Treatment Trends for Lymph Node–Positive Penile Cancer


Key Points

  • Overall, lymph node dissection was performed in 67% of patients.
  • Chemotherapy was used in 48% of patients in 2014. 

In a study of data from the National Cancer Database reported in JAMA Oncology, Joshi et al found that two-thirds of patients with node-positive nonmetastatic squamous cell carcinoma of the penis received lymph node dissection and approximately half received chemotherapy in recent years. 

National Comprehensive Cancer Network guidelines support lymph node dissection or radiotherapy with consideration of perioperative chemotherapy for patients with node-positive nonmetastatic disease.

Treatment Trends

The study involved data from 1,123 men diagnosed between January 2004 and December 2014. Of these, 82% were white and 65% were aged between 50 and 75 years.

Overall, lymph node dissection was performed in 727 patients (67%). The use of systemic chemotherapy increased from 38% of patients in 2004 to 48% in 2014 (P < .001); overall, chemotherapy was used in 31% of 338 patients with N1 disease, 40% of 450 with N2 disease, and 53% of 335 with N3 disease.

Chemotherapy use did not differ among patients receiving vs not receiving lymph node dissection (40.4% vs 42.4%, P = .53). In adjusted analysis, older patients were less likely to receive chemotherapy (odd ratio [OR] = 0.28, P <.001, for age > 76 years). Patients who received radiotherapy (OR = 4.38, P < .001), those with N2 disease (OR = 1.62, P = .005), and those with N3 disease (OR = 2.32, P < .001) were more likely to receive chemotherapy.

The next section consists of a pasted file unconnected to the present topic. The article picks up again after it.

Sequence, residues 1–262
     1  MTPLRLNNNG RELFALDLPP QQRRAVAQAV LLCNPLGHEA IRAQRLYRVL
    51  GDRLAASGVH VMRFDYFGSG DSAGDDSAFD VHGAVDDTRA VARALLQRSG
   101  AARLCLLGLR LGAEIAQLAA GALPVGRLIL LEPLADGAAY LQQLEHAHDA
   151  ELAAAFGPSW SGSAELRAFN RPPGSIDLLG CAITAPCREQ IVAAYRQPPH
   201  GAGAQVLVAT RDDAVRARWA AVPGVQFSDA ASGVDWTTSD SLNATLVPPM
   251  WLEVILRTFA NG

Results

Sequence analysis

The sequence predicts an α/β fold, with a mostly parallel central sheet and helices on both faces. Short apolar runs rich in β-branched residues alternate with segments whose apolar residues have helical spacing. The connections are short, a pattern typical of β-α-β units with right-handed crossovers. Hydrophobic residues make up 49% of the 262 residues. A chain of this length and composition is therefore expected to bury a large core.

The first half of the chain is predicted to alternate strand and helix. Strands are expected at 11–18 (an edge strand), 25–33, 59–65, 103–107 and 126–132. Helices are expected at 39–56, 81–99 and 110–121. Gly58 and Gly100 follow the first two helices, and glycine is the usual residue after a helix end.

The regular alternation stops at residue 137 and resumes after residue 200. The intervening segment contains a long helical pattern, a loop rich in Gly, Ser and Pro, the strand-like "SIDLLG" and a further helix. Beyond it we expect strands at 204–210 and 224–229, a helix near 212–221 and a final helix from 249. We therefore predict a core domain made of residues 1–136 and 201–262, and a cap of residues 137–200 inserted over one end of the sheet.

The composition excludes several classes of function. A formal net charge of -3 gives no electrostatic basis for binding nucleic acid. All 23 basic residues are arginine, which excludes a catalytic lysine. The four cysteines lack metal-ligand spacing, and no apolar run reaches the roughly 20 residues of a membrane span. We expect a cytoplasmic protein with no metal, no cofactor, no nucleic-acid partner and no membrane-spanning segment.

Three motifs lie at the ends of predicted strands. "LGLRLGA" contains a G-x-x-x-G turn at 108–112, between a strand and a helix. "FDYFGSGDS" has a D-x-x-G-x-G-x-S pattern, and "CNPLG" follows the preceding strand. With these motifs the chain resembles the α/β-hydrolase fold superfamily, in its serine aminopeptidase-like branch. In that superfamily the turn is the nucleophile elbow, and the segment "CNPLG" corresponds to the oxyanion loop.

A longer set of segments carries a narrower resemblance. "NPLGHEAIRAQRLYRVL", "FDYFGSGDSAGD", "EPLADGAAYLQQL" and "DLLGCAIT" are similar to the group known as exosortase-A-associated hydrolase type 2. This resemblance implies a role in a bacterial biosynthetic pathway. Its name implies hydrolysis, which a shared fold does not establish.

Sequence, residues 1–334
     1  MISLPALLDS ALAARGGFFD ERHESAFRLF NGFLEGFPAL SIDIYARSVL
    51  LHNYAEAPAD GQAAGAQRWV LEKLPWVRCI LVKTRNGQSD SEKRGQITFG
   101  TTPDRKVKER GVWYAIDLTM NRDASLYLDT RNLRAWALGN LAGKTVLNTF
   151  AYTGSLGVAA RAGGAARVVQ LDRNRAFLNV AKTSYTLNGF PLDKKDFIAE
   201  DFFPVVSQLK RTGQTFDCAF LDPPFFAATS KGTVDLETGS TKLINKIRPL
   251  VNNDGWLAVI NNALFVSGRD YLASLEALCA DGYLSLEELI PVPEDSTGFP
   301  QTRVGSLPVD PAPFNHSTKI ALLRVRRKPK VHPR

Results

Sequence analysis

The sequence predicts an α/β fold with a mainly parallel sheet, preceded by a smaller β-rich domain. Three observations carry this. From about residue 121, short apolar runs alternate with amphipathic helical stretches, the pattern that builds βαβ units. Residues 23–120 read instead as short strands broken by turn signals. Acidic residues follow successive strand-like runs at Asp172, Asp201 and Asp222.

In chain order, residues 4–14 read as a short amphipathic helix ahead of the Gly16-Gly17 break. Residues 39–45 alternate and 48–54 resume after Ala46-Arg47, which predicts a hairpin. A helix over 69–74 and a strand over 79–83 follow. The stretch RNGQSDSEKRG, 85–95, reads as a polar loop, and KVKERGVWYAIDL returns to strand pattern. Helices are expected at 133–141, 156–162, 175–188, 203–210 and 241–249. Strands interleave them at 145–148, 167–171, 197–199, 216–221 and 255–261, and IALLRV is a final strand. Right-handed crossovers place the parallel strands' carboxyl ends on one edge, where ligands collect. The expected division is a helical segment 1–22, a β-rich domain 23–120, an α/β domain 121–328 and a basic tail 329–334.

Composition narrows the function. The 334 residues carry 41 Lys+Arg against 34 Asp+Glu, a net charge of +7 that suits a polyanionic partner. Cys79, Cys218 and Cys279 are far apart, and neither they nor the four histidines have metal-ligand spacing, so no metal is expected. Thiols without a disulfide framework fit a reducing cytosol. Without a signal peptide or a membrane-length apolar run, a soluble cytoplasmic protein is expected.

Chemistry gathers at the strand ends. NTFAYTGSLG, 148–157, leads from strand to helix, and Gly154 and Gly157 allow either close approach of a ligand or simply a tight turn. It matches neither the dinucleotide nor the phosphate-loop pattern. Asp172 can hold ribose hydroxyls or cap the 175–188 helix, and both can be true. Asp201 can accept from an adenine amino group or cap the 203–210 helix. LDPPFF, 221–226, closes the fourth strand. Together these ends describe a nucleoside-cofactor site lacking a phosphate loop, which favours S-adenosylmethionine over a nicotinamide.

On multivariate analysis, receipt of lymph node dissection (hazard ratio [HR] = 0.64, P < .001), but not chemotherapy (HR = 1.01, P = .95) or radiotherapy (HR = 0.85, P = .11) was associated with significantly improved overall survival.

The investigators concluded, “In hospitals reporting to the [National Cancer Database], only 66.8% of patients with [lymph node–positive] penile cancer received [lymph node dissection]. While chemotherapy use has increased since 2004, rates remain low (52.8% for patients with N3 cancer). Receipt of [lymph node dissection], but not chemotherapy or radiotherapy, is associated with overall survival. This may reflect the aggressive natural history of penile cancer as well as the inherent analysis limitation of a relatively small sample size. These data highlight opportunities to improve adherence to guideline-recommended care.”

Shreyas S. Joshi, MD, of the Department of Surgical Oncology, Fox Chase Cancer Center, Temple Health, is the corresponding author for the JAMA Oncology article.

The content in this post has not been reviewed by the American Society of Clinical Oncology, Inc. (ASCO®) and does not necessarily reflect the ideas and opinions of ASCO®.